How would you like to go to a pulmonologist and have him tell you there is nothing he can do for you? How would you react if he said that you should go home, get a rocking chair, and take up knitting?
In 2014, I was officially diagnosed with pulmonary fibrosis (PF), which is scarring and hardening of the lungs. I had been diagnosed in 2007 with a small amount of scarring in the bottom of my lungs after a procedure. The same doctor saw me both times.
Lifesaving phone call
After my PF diagnosis, my husband, Ralph, and I decided we still wanted to take the road trip we had planned to Canada and parts of the U.S. We had no idea that I would have a bad reaction to the prednisone the doctor had prescribed. After about a month on the road, we landed in Calgary, Alberta, for a visit with all my first cousins. Even though I did not want to share with them that I had PF, they all soon realized something was definitely wrong with me. They persuaded us to go home and not continue our trip.
We took their advice and headed back to California via Colorado Springs, where two of my daughters live. On the way, I started feeling unwell. I was drinking a lot of water and going to the bathroom continually. I called my pulmonologist, but he did not call back, so we continued to Colorado Springs. We spent the night and were planning the last three days of our trip home. Finally at 5 p.m., the doctor called and said to check my blood sugar. If it was over 200, he said to go to the emergency room. Well, it was over 300, and by the time we got to the hospital, it was 600.
The ER doctor told us that if we had headed out the next morning, I would have been in a diabetic coma on the side of the road in the desert with no cell phone service. He said I was one lucky woman. I was in the hospital for three and a half days until they regulated my readings. They sent me home with instructions for the three-day drive to check my blood sugar regularly and how much insulin to give myself.
I made appointments with my doctors starting the day I got home. My first one was with the pulmonologist, who had me do another pulmonary function test. He told me I was worse and started decreasing the prednisone because it was not helping. Then he said there was nothing else he could do, and that I should go home, get a rocking chair, and take up knitting. Well, he didn’t know me very well.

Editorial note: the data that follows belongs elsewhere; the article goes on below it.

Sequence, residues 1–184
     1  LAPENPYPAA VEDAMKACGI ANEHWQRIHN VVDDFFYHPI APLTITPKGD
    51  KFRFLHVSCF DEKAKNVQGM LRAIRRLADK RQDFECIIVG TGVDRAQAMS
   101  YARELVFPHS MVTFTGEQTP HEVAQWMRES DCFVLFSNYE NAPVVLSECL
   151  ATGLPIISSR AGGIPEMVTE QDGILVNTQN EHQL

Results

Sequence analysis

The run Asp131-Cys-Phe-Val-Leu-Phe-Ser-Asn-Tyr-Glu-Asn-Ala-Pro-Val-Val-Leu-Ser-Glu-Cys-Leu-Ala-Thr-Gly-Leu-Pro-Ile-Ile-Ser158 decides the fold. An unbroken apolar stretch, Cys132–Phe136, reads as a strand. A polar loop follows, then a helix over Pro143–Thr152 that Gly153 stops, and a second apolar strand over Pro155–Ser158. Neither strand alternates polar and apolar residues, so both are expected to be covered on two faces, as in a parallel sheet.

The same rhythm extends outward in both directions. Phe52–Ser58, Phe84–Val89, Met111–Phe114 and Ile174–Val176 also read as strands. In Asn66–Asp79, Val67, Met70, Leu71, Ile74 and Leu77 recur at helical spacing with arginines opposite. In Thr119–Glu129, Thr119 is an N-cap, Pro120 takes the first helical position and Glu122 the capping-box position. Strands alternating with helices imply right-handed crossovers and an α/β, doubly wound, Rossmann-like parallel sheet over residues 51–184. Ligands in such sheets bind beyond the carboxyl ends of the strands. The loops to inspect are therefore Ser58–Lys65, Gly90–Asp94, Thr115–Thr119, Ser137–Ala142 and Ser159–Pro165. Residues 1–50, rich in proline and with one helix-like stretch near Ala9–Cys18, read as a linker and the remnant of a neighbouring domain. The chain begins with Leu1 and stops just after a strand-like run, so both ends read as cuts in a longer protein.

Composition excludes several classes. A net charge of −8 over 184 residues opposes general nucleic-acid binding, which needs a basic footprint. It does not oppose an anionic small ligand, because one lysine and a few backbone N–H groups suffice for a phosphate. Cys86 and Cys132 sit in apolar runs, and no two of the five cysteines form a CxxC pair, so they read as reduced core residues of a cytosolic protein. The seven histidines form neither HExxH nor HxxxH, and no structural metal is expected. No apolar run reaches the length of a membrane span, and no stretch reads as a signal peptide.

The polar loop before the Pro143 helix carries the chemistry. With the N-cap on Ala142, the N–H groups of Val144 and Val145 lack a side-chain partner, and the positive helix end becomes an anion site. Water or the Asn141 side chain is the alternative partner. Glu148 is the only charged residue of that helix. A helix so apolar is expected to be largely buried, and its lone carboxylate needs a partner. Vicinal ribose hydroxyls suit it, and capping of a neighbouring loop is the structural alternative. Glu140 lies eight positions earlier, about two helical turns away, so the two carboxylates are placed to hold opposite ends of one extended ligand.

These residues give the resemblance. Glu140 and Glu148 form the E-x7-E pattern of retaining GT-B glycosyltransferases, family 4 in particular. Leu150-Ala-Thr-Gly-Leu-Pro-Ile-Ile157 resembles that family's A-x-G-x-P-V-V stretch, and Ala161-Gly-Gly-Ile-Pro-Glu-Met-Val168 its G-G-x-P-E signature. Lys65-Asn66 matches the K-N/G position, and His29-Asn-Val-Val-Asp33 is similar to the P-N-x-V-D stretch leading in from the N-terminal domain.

How many of you here today have ever experienced this reaction from a doctor? Because of what he said, I went into a deep depression and even started to write my obituary. I sent out an email to 267 of my fellow golfers, as I was president of my golf club, to let them all know about my diagnosis and what I was going through. Within minutes, two of my golfer friends called to tell me they knew a pulmonologist associated with Cedars-Sinai Medical Center in Los Angeles, and they were calling him to get me in for a second opinion. Ten minutes later, I had an appointment for the next morning. This is what kind of friends I have.
But the second opinion, and later the third, came back with the same diagnosis. I could not get out of my depression until someone suggested I attend a support group. All I did was cry during the first meeting and could not participate. Afterward, the nurse who ran the support group asked why I wasn’t in her pulmonary rehab. I said the doctor told me it wouldn’t do any good. She asked who my doctor was and I told her I was mainly dealing with his physician assistant. She said to call the PA and get her to prescribe rehab, and she would follow up.
A week later, I got the call to come in and begin rehab. It was the best thing I did. I not only got to work out and attend classes with Ralph on every aspect of the disease each week, but I also got to meet others who were in my same situation.
More divine intervention
We requested that a new pulmonologist be assigned to me, and after a 45-minute evaluation, the new doctor told me to lose weight, eat healthy, and get back out on the golf course. I said, “You’re hired.” But even with these changes, I still was not able to cope with my newly found disease.